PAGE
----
The Tarot of Robert Ellaby

Robert Ellaby is a British surrealist artist much influenced by esotericism and kabbalah. I am pleased to own one of his paintings which I commissioned from him on the theme of the Splendor Solis. I also have scans of one of his series of artworks the Cosmic Christ which I placed on my website.
In the 1980s Bob worked on designs for a complete tarot deck. For him this was an exercise in creating a unique series of images that reflected a kabbalistic structure to the sequence of tarot images. I do not think he ever thought of having the deck published.
This is a full 78 card deck and each of the pip cards is emblematic. In this deck the pip card system is particularly important as it reflects a kabbalistic structure. Unlike many kabbalistic decks which resort to numbers, Hebrew letters and various abstract esoteric correspondences, here Bob Ellaby has absorbed all this material and recreated the essence in a emblematic form. The artwork is created with pen drawings which are coloured with thin washes of water based pigments.

The Major Arcana.
For the most part Ellaby has, in his Major arcana, held close to the conventional images, though realised in his own style, and incorporating little flourishes and details. He does not use decorations but each symbol depicted is a considered part of the image. Note, for example, the arms and backrests on the thrones of the Empress and Emperor, their crowns and the fact that they face in opposite directions.

Other cards in his Majors explore a less convention depiction of the established imagery. The Moon card has the classical image of Daphne transformed into a tree and here the leaves show a growth and ripening process through their colour changes. We note the black cat and white dog and the three phases of the Moon. Strength uses the image of Samson in the Temple, while the World incorporates an hermaphroditic figure

The Minor Arcana.
In many decks the Minor arcana fail to engage. Often they are not emblematised or merely repeat the imagery used by Pamela Coleman Smith for the Waite deck. Some artists stride out on their own path and create new individual images for the pip cards, but often these do not cohere or present a unified narrative. Ellaby here creates a coherent set of images through the four suits, which he derives from his deep study of the kabbalah.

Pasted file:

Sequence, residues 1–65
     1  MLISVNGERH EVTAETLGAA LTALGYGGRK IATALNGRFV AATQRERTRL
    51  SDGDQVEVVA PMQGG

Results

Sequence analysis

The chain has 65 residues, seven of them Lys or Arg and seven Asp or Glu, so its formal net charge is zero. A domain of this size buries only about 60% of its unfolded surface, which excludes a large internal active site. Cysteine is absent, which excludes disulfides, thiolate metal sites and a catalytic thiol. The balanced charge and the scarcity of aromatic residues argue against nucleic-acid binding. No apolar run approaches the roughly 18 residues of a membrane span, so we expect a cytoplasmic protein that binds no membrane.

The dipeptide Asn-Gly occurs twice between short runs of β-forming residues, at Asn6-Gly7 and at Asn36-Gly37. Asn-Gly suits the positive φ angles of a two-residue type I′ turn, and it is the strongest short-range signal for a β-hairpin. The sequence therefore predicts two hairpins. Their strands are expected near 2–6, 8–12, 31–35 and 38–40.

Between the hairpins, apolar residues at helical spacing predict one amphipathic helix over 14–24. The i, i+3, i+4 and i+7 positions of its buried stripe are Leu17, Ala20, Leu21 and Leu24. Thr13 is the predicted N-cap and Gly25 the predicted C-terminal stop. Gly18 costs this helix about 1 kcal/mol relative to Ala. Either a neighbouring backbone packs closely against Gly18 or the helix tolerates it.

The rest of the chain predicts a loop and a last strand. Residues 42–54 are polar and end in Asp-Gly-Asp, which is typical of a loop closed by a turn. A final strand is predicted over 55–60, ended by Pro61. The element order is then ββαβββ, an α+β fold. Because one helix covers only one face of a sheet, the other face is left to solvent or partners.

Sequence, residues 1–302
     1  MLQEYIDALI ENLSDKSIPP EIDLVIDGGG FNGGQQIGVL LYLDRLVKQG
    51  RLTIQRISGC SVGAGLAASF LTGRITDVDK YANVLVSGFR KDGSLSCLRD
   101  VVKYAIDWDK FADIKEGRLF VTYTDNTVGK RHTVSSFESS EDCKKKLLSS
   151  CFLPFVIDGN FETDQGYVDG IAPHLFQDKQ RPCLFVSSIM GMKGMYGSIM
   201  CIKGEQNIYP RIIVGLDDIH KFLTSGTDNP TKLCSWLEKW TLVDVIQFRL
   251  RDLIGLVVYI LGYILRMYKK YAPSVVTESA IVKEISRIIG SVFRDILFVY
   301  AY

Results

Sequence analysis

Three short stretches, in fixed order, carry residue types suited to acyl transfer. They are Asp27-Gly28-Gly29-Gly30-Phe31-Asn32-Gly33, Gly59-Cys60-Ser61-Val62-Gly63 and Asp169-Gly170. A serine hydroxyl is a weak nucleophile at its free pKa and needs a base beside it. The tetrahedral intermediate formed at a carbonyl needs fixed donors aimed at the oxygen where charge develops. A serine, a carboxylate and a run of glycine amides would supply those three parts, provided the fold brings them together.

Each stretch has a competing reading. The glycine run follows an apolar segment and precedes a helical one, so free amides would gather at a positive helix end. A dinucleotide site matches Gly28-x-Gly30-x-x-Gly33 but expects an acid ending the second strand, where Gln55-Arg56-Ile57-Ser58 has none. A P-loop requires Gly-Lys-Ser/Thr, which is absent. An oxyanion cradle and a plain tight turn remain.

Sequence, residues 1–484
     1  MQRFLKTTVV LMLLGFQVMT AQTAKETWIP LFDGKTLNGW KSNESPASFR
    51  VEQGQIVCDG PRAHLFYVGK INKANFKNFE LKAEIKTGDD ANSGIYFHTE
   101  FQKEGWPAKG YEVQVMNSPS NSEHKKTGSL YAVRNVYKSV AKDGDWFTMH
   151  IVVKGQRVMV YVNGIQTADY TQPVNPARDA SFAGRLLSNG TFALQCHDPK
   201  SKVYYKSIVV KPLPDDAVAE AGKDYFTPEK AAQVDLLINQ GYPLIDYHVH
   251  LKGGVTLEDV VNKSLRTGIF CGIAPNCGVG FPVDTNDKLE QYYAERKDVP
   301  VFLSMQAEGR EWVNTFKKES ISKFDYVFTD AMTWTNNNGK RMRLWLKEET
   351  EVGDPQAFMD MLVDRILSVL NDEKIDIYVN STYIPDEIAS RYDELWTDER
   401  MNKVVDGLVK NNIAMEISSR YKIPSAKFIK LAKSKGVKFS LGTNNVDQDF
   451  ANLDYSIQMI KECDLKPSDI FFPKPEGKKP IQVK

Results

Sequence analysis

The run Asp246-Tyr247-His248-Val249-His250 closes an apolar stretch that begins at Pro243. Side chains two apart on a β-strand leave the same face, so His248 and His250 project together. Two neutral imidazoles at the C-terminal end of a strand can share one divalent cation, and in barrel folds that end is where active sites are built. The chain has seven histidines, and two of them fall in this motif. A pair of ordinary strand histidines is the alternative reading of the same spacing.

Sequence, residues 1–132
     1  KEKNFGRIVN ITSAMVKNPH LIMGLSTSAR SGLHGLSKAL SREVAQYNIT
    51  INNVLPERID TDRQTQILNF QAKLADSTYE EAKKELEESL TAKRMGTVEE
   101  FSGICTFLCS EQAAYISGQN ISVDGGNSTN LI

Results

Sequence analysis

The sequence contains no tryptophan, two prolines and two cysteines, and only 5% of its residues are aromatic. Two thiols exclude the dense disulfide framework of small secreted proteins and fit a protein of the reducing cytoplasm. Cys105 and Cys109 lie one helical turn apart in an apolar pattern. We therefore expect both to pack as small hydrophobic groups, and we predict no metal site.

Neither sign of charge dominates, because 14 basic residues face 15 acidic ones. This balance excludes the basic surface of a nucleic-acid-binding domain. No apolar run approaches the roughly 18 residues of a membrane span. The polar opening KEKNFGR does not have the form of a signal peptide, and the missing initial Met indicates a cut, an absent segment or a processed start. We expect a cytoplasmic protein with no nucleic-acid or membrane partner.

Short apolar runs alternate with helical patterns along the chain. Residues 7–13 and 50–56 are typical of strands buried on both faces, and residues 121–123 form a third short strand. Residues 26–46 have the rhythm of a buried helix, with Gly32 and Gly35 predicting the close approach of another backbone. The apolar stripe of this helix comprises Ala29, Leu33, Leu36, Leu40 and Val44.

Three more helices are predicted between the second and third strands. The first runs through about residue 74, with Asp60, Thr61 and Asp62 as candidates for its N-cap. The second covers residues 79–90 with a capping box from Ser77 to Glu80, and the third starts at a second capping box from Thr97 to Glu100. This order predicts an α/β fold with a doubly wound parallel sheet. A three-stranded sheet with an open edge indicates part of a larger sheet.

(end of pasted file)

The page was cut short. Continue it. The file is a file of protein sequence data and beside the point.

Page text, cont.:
It is perhaps only when one lays these out in rows that the structure can best be seen.

To Ellaby, the ten pips are associated with the ten sephiroth, from one (Kether) to 10 (Malkuth). He has chosen a motif for each sephirah and then explores these through the four elements or worlds that constitute the suits. These is so much symbolic detail compressed into these images that I cannot analyse them all here, but I will merely take two examples. First let us look at the "Threes".

The third Sephirah is Binah, sometimes seen as 'Understanding'. Binah is thought of as feminine, and here Ellaby uses an image of the wise old woman, the crone. On the lower left the soul is seen being transported and transformed through fire, air water and earth in the four suits.

The ninth Sephirah is Yesod, often called 'the Foundation'. Ellaby pictured this using an image he often returns to in his paintings, that of the open living skull. From this open brain pan, fire emerges in the suit of wands, in swords the skull is cleaved open and air emerges. In the Nine of Cups, the open skull is a well from which streams of water flow forth, and in the suit of the Earth element, Pentacles, the nine shows a tree growing out of the skull.
The tarot of Robert Ellaby is a coherent exploration of the conceptions behind the 78 cards, seen through the kabbalah and his own surrealist creativity.